As a speaker at the 2013 Virginia Tech TEDx event I was impressed by the 3D projector that lit up the words TEDx on the stage into a very dynamic 3D object. It was classy, it was innovative, and just plain cool. As I reflect on my experience with Virginia Tech’s TEDx event I find the 3D projector to be an appropriate analogy of what TED talks mean to me.
TED talks move ideas from a two dimensional print world into a 3D experience that champions not only the idea but the emotion that the idea evokes. We see a glimpse of a concept from every angle and most importantly through a very humanistic angle. In TED talks we find an intersection of science and society, of passion and logic, of reflection and action. We are pulled in, both heart and mind, into the crux of an idea.
We need to feel the gravity of ideas. To me TED Talks do that in a very communal way. They bring a shared gravity to our discovery. A gravity that brings us into a virtual orbit, seeing an idea from every angle. For a few minutes we as an audience we are invited to be the scientist, to be the dancer, to be the kid in the outfield at their first softball game. We become not only witnesses to someone’s epiphany but we are given a chance experience it ourselves. We are pulled into the gravity of a performance and unwittingly we are moved to become an actor.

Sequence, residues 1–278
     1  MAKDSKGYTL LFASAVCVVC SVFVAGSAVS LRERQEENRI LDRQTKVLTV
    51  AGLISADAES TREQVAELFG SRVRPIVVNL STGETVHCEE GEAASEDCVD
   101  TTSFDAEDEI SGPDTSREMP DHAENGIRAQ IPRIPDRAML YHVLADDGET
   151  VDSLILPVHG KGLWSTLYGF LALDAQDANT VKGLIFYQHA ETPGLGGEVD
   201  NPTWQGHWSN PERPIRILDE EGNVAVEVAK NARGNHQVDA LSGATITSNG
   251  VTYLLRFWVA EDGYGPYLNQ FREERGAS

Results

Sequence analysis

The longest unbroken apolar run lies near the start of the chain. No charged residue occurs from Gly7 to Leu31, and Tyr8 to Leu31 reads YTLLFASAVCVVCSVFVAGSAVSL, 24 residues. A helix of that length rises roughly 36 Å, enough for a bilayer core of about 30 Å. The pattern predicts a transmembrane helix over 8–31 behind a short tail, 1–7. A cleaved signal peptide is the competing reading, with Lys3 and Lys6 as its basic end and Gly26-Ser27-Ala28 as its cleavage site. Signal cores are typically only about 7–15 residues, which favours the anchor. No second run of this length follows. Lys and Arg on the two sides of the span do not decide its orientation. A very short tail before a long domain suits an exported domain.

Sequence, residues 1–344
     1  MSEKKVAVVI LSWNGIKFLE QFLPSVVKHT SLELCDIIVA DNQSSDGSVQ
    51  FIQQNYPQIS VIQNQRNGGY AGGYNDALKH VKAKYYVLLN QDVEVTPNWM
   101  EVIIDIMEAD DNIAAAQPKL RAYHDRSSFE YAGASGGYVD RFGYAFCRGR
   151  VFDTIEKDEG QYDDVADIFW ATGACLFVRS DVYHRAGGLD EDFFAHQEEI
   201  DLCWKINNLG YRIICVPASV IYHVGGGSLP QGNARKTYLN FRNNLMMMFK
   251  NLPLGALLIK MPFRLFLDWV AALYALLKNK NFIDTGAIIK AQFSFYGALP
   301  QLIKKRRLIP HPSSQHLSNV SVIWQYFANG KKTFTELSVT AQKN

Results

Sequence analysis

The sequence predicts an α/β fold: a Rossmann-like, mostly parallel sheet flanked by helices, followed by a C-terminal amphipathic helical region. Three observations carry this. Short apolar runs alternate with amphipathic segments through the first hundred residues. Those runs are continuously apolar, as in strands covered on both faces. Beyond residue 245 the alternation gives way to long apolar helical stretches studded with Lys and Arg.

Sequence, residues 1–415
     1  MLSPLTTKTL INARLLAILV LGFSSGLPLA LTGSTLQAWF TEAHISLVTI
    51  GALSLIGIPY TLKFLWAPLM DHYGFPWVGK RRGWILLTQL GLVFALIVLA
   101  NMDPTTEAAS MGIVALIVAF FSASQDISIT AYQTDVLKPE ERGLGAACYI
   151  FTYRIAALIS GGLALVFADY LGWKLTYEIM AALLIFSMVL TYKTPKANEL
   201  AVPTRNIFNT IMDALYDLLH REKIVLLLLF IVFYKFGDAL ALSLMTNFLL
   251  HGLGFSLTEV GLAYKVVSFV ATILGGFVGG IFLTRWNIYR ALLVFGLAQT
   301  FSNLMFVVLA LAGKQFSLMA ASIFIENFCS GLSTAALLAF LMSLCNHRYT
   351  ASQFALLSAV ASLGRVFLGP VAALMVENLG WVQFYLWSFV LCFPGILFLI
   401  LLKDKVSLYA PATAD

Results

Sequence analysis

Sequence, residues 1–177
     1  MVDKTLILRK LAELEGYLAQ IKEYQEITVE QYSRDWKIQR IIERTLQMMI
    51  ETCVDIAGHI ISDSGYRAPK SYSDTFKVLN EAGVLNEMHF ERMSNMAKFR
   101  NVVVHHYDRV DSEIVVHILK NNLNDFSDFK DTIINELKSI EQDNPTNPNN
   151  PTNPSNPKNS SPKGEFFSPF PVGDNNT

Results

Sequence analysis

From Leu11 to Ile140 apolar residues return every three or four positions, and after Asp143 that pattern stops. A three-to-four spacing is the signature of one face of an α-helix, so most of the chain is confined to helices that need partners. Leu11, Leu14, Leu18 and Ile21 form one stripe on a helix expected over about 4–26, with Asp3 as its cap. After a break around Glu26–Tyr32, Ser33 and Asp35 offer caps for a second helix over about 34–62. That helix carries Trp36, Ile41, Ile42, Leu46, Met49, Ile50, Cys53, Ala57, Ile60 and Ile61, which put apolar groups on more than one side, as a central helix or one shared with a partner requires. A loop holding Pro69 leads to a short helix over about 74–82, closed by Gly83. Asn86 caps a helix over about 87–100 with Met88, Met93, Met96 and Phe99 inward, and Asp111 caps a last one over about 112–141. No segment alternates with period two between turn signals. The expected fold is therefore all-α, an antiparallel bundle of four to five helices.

The information age brings us an infinite salad bar of information to consume but rarely savor. TED talks take us into a rhetorical kitchen of how thoughts and ideas are formed and we are given a firsthand view of the ingredients that make an idea worth sharing. We are allowed to sample the soup, we are encouraged to savor. Keep reading »